I generally love anything Angela Carter has written. She simply had magic in her fingers, or perhaps in her mind, and she passed away too young. But as much as I admire her novels, her short stories have made the strongest impression on me. Whenever I’m in a bad mood and need to lose myself in stories, I pick up a copy of The Bloody Chamber and Other Stories. It’s a slim volume, but packed with beautifully crafted words.
Originally published in 1979, Carter’s The Bloody Chamber is the kind of collection of short stories that makes you feel as if your own vocabulary is sorely lacking. One of the most distinctive features of her writing style is her ability to combine sensuality and witty profanity with such skill. Usually, authors like to move in one direction or the other, not both. On the cover of my copy of The Bloody Chamber is a quote by Ian McEwan in which he describes the book as ‘magnificent set pieces of fastidious sensuality’. That’s the perfect way to describe Carter’s writing in general: fastidious sensuality. She can capture desire, sexual energy, passion and love in ways that aren’t cliché or flowery, but yet, are still somehow abundantly evocative and stirring. Since so many writers, in my opinion, relegate desire to the realm of stereotypes, Carter’s ability to describe it in such an authentic yet carefully thought-out manner is truly surprising.
But above all, The Bloody Chamber is all about fairy tales. The book is essentially a collection of modern fairy tales, reworked in a blatantly political manner. And by ‘political’, I mean ideological. As a feminist writer, Carter doesn’t just appropriate the familiar narrative territory of fairy tales for the sake of creating beautiful stories (although, this would have been enough). Rather, she shows us the politics behind these original stories: Beauty and the Beast taught girls the virtues of self-sacrifice, docility and passivity; Little Red Riding Hood demonstrated what happened to bad little girls seduced by cunning wolf-men; and most fairy tales extol the virtues of physical beauty and the assumption of women as victims, waiting to be saved by a prince. Carter makes this explicit. She is aware that most fairy tales began their life as stories for adults, not children, and she creates her own, very adult modern fairy tales. More than that though, she seeks to transcend the gendered assumptions in traditional fairy tales, suggesting that men and women really are more complex and interesting than simple generalisations about their nature would allow.
When I saw Chiara Fersini’s beautiful photography, I immediately thought of Carter’s words. All of the images you see in this post are by Chiara, who like Carter, breathes new life into familiar visual imagery. I love how her photography suggests the fairy tale mode, but also hints at other, unknown and yet to be written narratives. Thank you Chiara, for letting me feature your work in this post.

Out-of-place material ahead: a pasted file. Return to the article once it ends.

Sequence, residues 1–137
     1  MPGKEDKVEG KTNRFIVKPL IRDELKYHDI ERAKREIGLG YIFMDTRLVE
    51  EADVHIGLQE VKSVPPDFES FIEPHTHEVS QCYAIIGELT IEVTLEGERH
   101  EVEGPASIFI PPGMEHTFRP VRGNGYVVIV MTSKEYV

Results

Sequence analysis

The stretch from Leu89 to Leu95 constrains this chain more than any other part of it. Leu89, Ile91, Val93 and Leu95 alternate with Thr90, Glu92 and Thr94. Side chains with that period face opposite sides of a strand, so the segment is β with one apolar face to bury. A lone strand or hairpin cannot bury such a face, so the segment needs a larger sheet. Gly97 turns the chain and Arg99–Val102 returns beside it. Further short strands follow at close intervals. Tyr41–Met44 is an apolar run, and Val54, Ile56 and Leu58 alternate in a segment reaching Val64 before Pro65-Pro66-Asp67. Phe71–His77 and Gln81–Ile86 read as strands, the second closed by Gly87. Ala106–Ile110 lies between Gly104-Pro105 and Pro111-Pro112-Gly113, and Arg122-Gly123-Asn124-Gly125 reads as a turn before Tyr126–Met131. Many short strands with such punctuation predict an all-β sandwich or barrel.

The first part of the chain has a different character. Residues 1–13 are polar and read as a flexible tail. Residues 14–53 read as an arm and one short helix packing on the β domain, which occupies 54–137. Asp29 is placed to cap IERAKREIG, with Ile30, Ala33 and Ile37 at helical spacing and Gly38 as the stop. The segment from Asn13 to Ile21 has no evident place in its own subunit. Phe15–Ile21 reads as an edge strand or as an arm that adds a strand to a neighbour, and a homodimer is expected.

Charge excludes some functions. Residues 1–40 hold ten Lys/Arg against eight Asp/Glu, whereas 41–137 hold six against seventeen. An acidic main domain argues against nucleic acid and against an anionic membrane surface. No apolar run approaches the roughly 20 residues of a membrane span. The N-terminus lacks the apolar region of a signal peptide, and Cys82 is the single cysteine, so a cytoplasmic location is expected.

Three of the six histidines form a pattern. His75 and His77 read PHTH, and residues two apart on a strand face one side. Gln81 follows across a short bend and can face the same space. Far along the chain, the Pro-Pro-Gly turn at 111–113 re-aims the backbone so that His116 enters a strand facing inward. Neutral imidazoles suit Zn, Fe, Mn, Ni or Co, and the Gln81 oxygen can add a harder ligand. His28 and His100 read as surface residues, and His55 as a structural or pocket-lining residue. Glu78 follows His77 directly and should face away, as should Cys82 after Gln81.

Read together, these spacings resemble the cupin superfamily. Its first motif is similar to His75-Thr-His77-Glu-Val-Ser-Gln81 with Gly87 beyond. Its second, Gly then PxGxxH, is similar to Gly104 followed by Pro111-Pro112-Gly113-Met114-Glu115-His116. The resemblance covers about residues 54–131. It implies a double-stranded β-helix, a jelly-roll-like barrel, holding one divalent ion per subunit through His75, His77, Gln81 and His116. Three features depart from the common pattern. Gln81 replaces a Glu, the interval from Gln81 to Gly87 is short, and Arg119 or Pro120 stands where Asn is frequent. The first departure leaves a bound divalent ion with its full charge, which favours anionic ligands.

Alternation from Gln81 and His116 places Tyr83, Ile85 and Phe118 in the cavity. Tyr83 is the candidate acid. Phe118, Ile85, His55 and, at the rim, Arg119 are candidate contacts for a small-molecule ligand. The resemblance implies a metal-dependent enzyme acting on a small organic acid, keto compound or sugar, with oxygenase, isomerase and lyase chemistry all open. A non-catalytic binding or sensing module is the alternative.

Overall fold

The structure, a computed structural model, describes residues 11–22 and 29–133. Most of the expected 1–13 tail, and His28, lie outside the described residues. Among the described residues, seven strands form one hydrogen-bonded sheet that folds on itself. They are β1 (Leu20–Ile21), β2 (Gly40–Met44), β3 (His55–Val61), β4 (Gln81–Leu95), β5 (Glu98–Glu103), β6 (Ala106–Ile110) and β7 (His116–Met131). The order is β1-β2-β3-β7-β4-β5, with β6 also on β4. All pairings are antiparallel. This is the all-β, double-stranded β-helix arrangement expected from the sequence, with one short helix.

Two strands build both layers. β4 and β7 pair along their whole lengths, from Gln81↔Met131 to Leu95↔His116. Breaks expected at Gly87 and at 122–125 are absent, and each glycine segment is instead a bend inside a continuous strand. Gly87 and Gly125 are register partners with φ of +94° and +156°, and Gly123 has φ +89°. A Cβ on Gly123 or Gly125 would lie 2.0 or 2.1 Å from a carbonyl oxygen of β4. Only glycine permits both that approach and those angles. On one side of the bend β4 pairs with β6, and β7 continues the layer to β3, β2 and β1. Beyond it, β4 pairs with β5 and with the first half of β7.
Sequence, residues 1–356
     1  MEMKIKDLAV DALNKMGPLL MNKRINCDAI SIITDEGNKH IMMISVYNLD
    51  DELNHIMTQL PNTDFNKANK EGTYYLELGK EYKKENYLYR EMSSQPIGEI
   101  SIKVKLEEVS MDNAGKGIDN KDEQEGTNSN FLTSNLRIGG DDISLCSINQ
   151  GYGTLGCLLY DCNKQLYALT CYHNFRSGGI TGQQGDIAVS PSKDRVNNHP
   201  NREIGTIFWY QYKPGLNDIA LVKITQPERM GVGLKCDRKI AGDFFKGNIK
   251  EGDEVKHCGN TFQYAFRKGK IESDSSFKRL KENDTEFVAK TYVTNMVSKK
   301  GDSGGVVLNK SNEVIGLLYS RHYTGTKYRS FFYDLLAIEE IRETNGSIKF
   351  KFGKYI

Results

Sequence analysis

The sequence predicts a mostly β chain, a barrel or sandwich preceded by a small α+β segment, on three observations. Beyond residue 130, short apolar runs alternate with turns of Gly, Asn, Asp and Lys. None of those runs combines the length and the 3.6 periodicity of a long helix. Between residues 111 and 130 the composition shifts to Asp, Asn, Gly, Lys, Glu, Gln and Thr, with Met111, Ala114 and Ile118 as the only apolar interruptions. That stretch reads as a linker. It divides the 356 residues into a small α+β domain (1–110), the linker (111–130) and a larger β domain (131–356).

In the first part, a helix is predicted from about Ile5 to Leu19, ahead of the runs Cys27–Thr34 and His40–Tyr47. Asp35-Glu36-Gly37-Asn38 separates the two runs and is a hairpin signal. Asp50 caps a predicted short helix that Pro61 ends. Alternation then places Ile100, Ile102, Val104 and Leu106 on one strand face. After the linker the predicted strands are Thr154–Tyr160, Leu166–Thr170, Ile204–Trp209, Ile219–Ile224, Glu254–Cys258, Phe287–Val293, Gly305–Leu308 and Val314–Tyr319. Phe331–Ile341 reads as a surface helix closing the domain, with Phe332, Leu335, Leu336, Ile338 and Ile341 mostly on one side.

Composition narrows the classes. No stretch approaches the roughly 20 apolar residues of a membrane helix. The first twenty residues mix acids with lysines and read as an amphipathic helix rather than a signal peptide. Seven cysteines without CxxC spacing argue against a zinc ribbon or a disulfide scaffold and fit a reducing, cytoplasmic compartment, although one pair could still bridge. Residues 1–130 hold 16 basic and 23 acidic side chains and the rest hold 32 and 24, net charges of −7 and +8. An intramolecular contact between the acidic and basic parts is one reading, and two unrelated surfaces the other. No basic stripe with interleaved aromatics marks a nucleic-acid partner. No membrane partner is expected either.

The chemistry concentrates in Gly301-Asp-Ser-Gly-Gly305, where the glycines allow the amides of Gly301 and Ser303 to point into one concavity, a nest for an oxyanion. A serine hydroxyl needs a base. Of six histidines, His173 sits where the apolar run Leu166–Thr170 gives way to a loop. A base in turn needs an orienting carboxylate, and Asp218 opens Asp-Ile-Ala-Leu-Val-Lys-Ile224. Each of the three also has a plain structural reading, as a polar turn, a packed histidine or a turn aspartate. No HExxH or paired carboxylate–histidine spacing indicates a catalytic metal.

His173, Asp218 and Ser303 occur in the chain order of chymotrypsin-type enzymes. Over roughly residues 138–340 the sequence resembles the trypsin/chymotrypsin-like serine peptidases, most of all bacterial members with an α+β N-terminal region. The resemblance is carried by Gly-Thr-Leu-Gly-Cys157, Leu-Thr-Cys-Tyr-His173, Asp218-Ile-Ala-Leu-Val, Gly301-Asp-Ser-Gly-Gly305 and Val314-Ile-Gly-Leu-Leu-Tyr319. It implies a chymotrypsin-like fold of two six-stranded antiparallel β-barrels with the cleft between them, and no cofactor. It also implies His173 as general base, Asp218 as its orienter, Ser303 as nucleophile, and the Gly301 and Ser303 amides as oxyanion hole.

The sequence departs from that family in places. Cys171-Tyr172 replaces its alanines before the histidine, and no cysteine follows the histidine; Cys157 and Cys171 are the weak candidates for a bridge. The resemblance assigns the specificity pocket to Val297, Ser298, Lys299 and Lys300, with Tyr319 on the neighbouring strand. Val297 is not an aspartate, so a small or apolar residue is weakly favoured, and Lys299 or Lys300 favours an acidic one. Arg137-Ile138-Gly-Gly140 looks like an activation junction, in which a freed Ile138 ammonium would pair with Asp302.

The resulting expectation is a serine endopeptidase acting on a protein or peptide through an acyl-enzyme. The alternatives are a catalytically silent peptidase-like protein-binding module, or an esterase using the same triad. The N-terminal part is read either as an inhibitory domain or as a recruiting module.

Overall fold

I love all the stories in Carter’s The Bloody Chamber, but I have four particular favourites. I feel like my words are inadequate in describing why I love these stories, so instead, I will let Carter do the speaking, along with Chiara’s beautiful images. Hopefully, these small glimpses into the introductory passages from my favourite four stories will tantalise and inspire you to pick up a copy of The Bloody Chamber and continue reading.
: : The Bloody Chamber
I remember how, that night, I lay awake in the wagon-lit in a tender, delicious ecstasy of excitement, my burning cheek pressed against the impeccable linen of the pillow and the pounding of my heart mimicking that of the great pistons ceaselessly thrusting the train that bore me through the night, away from Paris, away from girlhood, away from the white, enclosed quietude of my mother’s apartment, into the unguessable country of marriage. (p. 7)
: : The Courtship of Mr Lyon
Outside her kitchen window, the hedgegrow glistened as if the snow possessed a light of its own; when the sky darkened towards evening, an unearthly, reflected pallor remained behind upon the winter’s landscape, while still the soft flakes floated down. This lovely girl, whose skin possesses the same, inner light so you would have thought she, too, was made all of snow, pauses her chores in the mean kitchen to look out at the country road. (p. 41)
: : The Snow Child
Midwinter – invincible, immaculate. The Count and his wife go riding, he on a grey mare and she on a black one ... ; and she wore high, black, shinning boots with scarlet heels, and spurs. Fresh snow fell on snow already fallen; when it ceased, the whole world was white. ‘I wish I had a girl as white as snow,’ says the Count. They ride on. They come to a hole in the snow; this hole is filled with blood. He says: ‘I wish I had a girl as red as blood.’ So they ride on again; here is a raven, perched on a bare bough. ‘I wish I had a girl as black as that bird’s feather.’ (p. 91)
: : The Company of Wolves
One beast and only one howls in the woods by night. The wolf is carnivore incarnate and he’s as cunning as he’s ferocious; once he’s had a taste of flesh, nothing else will do. At night, the eyes of wolves shine like candle flames, yellowish, reddish, but that is because the pupils of their eyes flatten on darkness and catch the light from your lantern to flash it back to you – red for danger; if a wolf’s eyes reflect only moonlight, then they gleam a cold and unnatural green, a mineral a piercing colour. (p. 110)
All images are copyrighted to Chiara Fersini, all rights reserved. Visit her website and flickr account to see more. Thanks Chiara, I have no idea how you can create such spectacular images.
All excerpts are from: Angela Carter, The Bloody Chamber and Other Stories, London: Vintage, 1995.